Spring has finally sprung in Washington, DC! And that also means a series of substantive discussions on today's most pressing global development issues—from private sector financing in Africa to the future of the World Bank—are springing up at the Center for Global Development. Join us next week in person or online for these important conversations that will happen alongside the World Bank and IMF Spring Meetings.
CGD Policy Blogs
The Board of Gavi, The Vaccine Alliance, will retreat next week to discuss a new strategy and replenishment. My colleagues and I have put together a preliminary set of six short notes that examine different dimensions of Gavi’s work and make recommendations for ways to address identified issues.
In December 2018, the Gavi Alliance hosted a mid-term review to assess progress towards its core purpose: “reach every child everywhere with vaccines against preventable diseases.” The good news is that there’s been advances on new vaccine introductions, and an estimated 65 million children were immunized with Gavi-supported new and underutilized vaccines in 2017. The bad news? There is still huge variability on the measure that counts most for building herd immunity and reducing vaccine-preventable disease: full vaccination for age among children under 2 years old.
On World AIDS Day, December 1, we honor the advocates that transformed HIV/AIDS from a death sentence to a chronic disease. These activists bequeathed a golden age of global health—a boom in money and programs that is sustained today, evidenced by the recent reauthorization of PEPFAR. But as UNAIDS recognized last year, we still have miles to go despite this extraordinary mobilization. Even today, 40 percent of people in need still lack lifesaving antiretroviral treatment.
This week, global leaders gathered at the 5th Global Health Security Agenda Ministerial Meetings in Bali under the overarching theme of “advancing global partnerships” for greater health security. Alongside this event, the World Bank hosted a discussion on preparedness financing at the country level. The panel acknowledged that while countries have begun to pay more attention to pandemic preparedness, much work remains to increase domestic and donor support to national preparedness systems. As the discussions wrap up in Bali and the World Bank heads to its IDA18 midterm review in Zambia next week, we share a few thoughts.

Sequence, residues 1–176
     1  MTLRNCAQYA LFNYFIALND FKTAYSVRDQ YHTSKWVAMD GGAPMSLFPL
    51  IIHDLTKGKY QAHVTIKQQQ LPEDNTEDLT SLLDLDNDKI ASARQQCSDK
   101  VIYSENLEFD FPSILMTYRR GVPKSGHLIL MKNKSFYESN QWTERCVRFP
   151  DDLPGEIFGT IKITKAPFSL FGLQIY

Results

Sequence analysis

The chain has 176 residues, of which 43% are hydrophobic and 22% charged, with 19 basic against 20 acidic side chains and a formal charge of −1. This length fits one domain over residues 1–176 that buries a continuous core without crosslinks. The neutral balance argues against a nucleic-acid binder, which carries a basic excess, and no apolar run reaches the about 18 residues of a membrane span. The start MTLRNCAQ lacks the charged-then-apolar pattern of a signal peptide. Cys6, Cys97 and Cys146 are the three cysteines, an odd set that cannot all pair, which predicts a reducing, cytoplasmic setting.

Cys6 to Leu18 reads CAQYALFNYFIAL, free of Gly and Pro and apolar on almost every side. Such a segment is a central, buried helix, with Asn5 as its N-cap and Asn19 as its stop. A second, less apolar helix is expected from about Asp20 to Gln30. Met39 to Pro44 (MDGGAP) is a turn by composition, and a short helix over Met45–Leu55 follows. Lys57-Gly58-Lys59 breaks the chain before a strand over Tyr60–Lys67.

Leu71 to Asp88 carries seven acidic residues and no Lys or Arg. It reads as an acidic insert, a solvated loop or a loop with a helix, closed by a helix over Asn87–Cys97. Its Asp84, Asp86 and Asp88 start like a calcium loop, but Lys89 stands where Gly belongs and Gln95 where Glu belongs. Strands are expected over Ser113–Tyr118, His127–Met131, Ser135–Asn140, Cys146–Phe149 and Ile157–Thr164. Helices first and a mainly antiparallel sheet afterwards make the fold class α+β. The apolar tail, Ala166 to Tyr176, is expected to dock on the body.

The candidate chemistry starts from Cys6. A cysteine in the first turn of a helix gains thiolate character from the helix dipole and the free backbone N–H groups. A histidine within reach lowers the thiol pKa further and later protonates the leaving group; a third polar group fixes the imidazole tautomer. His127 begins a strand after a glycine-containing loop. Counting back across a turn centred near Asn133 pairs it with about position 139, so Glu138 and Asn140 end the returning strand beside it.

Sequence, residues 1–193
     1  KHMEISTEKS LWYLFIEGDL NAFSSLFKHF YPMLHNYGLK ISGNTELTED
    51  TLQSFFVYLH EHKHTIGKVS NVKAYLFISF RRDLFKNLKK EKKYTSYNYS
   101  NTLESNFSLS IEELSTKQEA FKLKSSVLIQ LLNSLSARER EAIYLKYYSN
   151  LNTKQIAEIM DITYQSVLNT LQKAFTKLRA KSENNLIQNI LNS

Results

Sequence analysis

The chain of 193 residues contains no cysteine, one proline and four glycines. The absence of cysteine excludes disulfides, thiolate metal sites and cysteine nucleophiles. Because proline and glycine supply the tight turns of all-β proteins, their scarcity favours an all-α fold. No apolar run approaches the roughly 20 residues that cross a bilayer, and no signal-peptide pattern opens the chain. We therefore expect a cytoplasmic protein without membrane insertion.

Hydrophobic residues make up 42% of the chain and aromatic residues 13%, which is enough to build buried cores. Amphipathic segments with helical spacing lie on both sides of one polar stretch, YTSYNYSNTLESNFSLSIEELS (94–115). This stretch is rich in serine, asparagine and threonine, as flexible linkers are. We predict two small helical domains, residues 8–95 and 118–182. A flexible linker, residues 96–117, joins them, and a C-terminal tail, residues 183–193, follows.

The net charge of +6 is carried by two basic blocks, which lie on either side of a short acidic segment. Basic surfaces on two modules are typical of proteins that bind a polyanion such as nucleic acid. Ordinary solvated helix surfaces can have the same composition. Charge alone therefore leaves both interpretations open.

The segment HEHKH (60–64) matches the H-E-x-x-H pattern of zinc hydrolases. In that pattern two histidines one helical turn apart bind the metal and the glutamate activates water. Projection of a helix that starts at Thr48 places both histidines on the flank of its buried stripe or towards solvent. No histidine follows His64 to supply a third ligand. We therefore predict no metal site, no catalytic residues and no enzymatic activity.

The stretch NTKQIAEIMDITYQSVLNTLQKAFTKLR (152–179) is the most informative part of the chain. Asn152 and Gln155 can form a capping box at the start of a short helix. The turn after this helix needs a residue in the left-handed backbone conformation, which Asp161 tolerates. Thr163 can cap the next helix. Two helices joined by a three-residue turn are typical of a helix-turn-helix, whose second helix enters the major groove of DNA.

Country efforts on the SDGs since 2015 are off-track, say Amanda Glassman and Liesl Schnabel. As the second UN Data Forum kicks off in Dubai, they call for a greater focus on the completeness, accuracy, and availability of data.
Health outcomes in Venezuela are approaching emergency-like levels as services, medicines, and food become increasingly inaccessible. Venezuela’s under-5 mortality rate in 2016 already rivaled Syria’s, a Grade 3 emergency according to the World Health Organization (WHO). Since then, Caritas has estimated that 11.4 percent of children under 5 in Venezuela suffer from moderate or severe acute malnutrition.
In 2019, major sources of concessional finance—the big global health funders like the Global Fund and Gavi, as well as the development-bank-based IDA and the African Development Fund—will ask donors for more money to accomplish more health and development.
Today, USAID took a big step forward on a new effort that could make a real difference to the agency’s impact and cost-effectiveness.
DREAM Big: Emerging Results from a PEPFAR Partnership to Reduce HIV Among Adolescent Girls and Young Women
It’s been three years since the rollout of the DREAMS program began, and earlier this month in collaboration with the Population Council, CGD convened key players to discuss emerging results, what they mean for the future of DREAMS, and how we can ensure that the next years of programming go even farther to deliver the most effective services to those most at risk.